High voltage surges are common causes of loss that are frequently reported as lightning. An expert assessment can distinguish between surges and lightning damage or other perils like wear and tear. Surges are caused by a voltage fluctuation, are confined to the electrical system, and could result from one or more of the following:
- Lightning: When power lines are struck by lightning, voltage well in excess of the standard 120 or 240 volts travels to nearby connected properties.
- Electrical Grid Issues: Storm or impact damage to a power line or transformer may cause a power outage. When power is restored, the sudden influx of electricity can cause surges.
High-Power Devices: Many surges originate from heavy use of high-power devices. If multiple items that require a lot of electricity power on simultaneously, it can lead to a surge.
Power outages due to weather or other causes can lead to a sudden surge when power is restored.
Lightning and surge damage can affect many systems and items within a home. Here are a few examples of how commonly reported electronics and systems react to these perils.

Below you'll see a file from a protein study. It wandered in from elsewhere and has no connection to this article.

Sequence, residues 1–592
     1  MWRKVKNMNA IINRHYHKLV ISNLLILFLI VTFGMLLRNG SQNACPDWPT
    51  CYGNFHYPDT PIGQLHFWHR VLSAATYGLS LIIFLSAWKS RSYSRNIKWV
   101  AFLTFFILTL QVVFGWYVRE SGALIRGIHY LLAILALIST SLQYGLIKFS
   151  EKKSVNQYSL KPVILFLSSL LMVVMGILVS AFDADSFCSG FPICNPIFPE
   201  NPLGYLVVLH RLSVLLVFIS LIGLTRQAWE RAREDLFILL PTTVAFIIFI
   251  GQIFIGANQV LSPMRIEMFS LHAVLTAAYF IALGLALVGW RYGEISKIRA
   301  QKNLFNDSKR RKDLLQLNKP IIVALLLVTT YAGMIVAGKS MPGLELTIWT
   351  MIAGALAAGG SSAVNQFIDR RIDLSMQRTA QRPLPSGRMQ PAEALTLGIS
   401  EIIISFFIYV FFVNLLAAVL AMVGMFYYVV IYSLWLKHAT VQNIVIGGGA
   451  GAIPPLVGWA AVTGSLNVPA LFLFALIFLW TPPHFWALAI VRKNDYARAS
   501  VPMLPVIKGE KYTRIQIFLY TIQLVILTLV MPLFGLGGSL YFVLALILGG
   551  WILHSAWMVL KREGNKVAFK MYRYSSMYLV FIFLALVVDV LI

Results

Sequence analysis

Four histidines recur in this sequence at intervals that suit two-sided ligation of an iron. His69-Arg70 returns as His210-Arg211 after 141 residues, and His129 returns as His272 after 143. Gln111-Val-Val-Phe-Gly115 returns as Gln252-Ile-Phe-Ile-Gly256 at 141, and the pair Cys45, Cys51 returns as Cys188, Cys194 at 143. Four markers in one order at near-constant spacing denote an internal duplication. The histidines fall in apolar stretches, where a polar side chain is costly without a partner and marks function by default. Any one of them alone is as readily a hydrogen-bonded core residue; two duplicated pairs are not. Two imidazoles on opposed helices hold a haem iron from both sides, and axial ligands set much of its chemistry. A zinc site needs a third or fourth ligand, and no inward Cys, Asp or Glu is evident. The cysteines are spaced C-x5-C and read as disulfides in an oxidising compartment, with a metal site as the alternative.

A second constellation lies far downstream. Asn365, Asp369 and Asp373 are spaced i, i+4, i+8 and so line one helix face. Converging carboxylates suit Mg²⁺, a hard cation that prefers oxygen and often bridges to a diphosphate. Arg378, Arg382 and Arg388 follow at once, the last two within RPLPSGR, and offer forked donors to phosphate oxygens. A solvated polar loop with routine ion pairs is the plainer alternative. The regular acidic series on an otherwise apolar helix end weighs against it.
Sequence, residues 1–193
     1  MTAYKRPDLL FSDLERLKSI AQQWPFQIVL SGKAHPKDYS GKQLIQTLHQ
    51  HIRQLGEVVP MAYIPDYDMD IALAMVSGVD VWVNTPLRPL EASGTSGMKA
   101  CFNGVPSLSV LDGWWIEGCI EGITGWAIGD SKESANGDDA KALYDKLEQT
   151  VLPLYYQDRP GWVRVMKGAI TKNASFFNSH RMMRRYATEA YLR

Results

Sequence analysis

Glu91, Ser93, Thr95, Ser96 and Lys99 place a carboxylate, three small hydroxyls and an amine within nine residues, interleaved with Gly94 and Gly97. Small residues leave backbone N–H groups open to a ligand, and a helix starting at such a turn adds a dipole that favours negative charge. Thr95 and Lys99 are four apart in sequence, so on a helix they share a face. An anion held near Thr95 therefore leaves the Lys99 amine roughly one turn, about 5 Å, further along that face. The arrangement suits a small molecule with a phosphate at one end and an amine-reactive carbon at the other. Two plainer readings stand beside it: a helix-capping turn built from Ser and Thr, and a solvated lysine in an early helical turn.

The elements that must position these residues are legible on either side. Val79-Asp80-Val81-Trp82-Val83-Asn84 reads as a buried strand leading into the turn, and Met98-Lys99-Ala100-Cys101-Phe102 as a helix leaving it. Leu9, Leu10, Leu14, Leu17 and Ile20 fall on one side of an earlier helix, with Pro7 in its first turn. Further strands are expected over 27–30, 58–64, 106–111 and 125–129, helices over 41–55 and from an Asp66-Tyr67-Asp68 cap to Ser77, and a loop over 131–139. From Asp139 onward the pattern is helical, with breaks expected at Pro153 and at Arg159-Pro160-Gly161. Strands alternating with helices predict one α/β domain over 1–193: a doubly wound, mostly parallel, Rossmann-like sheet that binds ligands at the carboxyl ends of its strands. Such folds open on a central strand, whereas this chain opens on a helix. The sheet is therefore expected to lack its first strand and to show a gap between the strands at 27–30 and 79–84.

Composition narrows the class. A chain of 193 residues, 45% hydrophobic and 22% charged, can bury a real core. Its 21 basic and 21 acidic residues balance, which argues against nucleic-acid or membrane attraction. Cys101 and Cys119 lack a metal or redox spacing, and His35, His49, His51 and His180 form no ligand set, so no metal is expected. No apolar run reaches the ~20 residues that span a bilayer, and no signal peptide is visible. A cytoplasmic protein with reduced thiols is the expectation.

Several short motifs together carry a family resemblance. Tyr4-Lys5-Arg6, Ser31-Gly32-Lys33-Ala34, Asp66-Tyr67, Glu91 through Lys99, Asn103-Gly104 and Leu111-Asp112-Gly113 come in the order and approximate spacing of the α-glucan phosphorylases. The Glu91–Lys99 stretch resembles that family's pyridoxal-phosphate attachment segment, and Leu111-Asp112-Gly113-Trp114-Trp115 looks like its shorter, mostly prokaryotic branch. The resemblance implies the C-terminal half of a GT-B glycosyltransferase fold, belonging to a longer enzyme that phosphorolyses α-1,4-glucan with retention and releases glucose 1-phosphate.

Most of the damage reported as lightning is identified as another peril in an assessment, and some equipment is even determined to be undamaged. However, the burst of voltage a surge supplies is a threat to consumer electronics like computers, televisions, routers, and more.
Most of these items use integrated circuits, which are silicon chips containing hundreds to billions of electronic components – essentially tiny power plants within the device. Any voltage surge puts excessive stress on these components. When too-high voltage travels through the wires or communication cables, the surge puts excessive stress on the components within the integrated circuit.
Signs of surge include devices suddenly shutting off or failing to power on, flashing displays, or a burning odor around affected devices. A surge protector can safeguard consumer electronics from high voltage surge if the devices are properly connected to it, though it does nothing to prevent damage from a direct lightning strike